HEREFORDSHIRE MP Jesse Norman has spoken in detail for the first time about the controversy in which his wife – the Government's vaccines tsar Kate Bingham – has become embroiled.

Conservative Mr Norman, who represents Hereford and South Herefordshire, is dismayed by the criticism levelled at his wife.

He insists she has done nothing wrong, and her work in securing stocks of an effective Covid-19 vaccine for Britain deserves praise rather than condemnation.

"Lots of people in Herefordshire know Kate, and know she is as straight as an arrow, and an incredibly warm and positive life force," he said.

Ms Bingham, who is head of the Government's Vaccines Task Force, became the focus of intense scrutiny after a report appeared in The Sunday Times earlier this month.


It claimed she had shared commercially sensitive information with financiers at a conference in America.

Later it was reported that she spent £670,000 of public money on a public relations firm.

There were also claims of cronyism over how she came to be appointed in her role, and the public relations firm's ties with people close to the Government.

But Mr Norman, in a letter to Hereford Times readers, said all his wife's public appearances, including the conference that was the focus of The Sunday Times story, are approved by civil servants at the Department of Business, Energy and Industrial Strategy (BEIS), which has oversight of her work.


Referring to the conference, the Government has already said: "Kate Bingham focused on publicly available information and said little that expert delegates at the conference could not deduce themselves."

Appearing before a parliamentary joint select committee on November 4, Ms Bingham herself denied any wrongdoing, and described The Sunday Times report as “nonsense”, “inaccurate” and “irresponsible”.

Mr Norman said what had been reported as "personal PR" spending actually went on additional communications work to keep people informed about the importance of vaccines at a time of great uncertainty.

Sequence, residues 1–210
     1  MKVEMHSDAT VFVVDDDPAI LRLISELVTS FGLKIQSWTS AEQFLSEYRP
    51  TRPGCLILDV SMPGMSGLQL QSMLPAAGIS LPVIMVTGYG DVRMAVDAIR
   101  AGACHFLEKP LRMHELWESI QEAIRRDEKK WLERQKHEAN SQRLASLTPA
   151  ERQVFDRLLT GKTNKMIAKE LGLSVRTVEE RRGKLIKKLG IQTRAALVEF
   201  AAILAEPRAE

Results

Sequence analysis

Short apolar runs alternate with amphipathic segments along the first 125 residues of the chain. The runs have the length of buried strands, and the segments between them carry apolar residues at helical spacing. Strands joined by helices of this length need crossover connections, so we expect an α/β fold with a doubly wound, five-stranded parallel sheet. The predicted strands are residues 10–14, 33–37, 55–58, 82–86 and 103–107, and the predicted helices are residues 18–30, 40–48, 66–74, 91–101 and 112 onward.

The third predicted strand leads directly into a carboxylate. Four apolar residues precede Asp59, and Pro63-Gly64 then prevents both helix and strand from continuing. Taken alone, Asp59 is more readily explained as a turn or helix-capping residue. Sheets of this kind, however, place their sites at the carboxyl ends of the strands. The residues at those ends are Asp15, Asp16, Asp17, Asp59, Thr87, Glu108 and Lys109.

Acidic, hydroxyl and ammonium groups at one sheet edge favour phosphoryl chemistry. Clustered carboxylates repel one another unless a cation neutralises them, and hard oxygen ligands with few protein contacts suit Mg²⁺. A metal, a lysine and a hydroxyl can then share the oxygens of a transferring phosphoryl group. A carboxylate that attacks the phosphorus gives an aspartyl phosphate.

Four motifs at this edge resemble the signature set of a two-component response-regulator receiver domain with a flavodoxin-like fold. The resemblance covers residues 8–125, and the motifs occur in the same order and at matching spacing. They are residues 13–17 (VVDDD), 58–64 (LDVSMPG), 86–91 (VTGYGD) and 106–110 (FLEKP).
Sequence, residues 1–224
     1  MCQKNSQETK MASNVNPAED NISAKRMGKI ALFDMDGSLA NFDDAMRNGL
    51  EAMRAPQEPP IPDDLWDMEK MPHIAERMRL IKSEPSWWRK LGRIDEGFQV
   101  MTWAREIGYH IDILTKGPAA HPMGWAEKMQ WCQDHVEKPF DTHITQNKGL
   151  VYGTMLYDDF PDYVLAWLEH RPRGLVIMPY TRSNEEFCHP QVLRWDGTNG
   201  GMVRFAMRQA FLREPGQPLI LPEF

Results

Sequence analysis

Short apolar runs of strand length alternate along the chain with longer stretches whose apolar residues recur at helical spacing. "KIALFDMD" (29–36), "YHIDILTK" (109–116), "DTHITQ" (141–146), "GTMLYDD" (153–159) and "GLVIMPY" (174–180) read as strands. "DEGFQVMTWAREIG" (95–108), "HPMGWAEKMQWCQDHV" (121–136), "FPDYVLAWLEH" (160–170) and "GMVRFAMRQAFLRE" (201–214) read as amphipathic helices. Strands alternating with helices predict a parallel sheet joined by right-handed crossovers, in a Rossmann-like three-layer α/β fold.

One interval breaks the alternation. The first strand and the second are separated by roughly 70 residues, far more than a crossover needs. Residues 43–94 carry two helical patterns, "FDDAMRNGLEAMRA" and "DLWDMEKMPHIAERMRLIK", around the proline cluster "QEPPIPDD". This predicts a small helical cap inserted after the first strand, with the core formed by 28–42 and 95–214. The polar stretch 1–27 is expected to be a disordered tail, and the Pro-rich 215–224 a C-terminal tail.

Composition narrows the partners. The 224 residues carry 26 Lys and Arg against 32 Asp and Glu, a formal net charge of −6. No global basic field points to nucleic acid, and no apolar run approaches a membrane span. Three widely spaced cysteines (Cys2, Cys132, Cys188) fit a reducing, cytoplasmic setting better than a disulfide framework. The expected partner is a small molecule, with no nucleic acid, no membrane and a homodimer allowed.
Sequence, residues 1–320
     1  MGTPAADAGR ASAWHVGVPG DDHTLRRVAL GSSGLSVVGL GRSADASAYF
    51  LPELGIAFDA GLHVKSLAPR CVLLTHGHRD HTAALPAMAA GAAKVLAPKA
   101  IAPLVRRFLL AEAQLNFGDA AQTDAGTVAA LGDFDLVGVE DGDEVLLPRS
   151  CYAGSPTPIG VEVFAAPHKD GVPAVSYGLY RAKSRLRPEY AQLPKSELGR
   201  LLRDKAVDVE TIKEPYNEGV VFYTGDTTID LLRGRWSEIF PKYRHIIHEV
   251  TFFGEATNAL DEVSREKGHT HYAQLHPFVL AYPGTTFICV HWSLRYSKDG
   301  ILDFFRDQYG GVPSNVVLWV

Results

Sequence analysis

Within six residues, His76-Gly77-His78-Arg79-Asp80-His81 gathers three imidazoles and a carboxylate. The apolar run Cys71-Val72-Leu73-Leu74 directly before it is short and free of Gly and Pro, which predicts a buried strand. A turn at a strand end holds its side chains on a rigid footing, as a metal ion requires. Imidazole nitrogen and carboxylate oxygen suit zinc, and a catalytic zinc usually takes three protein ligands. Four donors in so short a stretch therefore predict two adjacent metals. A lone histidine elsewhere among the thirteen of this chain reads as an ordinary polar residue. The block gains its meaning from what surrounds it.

In particular, that work helped recruit volunteers to the NHS Vaccines Trials Registry, which will help speed the testing of vaccines for Covid and other illnesses.

He said he had no role in his wife's appointment, and added: "Kate has been working around the clock leading the UK effort to source effective vaccines against Covid-19.

"She has earned nothing, and does not expect to earn anything, from her work as chair of the Vaccines Task Force.

"This is, and has always been, a short-term appointment, and it will end next month.

"Kate is a leader in the life sciences field and has worked in it for 30 years.

"To give just one example, there are literally hundreds of thousands of people alive today who can see because of a breakthrough technology to combat macular degeneration of the eye which one of Kate's teams developed."

Mr Norman said his wife had also played a key role in securing large and early supplies for the UK of the new Pfizer vaccine for Covid.

His praise was supported by Iain Foulkes, head of commercialisation for Cancer Research UK.

Speaking to the Financial Times, he said: "The vaccine task force and its leadership have transformed the UK’s ability to procure, manufacture and distribute vaccines.

“This work will be vital for ensuring an effective vaccine can be administered promptly and bring to an end this devastating pandemic, which is affecting patients, including those diagnosed with cancer, everywhere.”

Joseph Emmett, spokesman for Hereford and South Herefordshire Labour Party, said Ms Bingham's appointment to the task force and her connection to Mr Norman "reveals that the Government is making appointments without due process".

"As Labour Leader Keir Starmer has declared, the £670,000 PR bill of vaccine task force head Kate Bingham, cannot be justified at a time when people across the country are losing their incomes amid the coronavirus crisis," he added.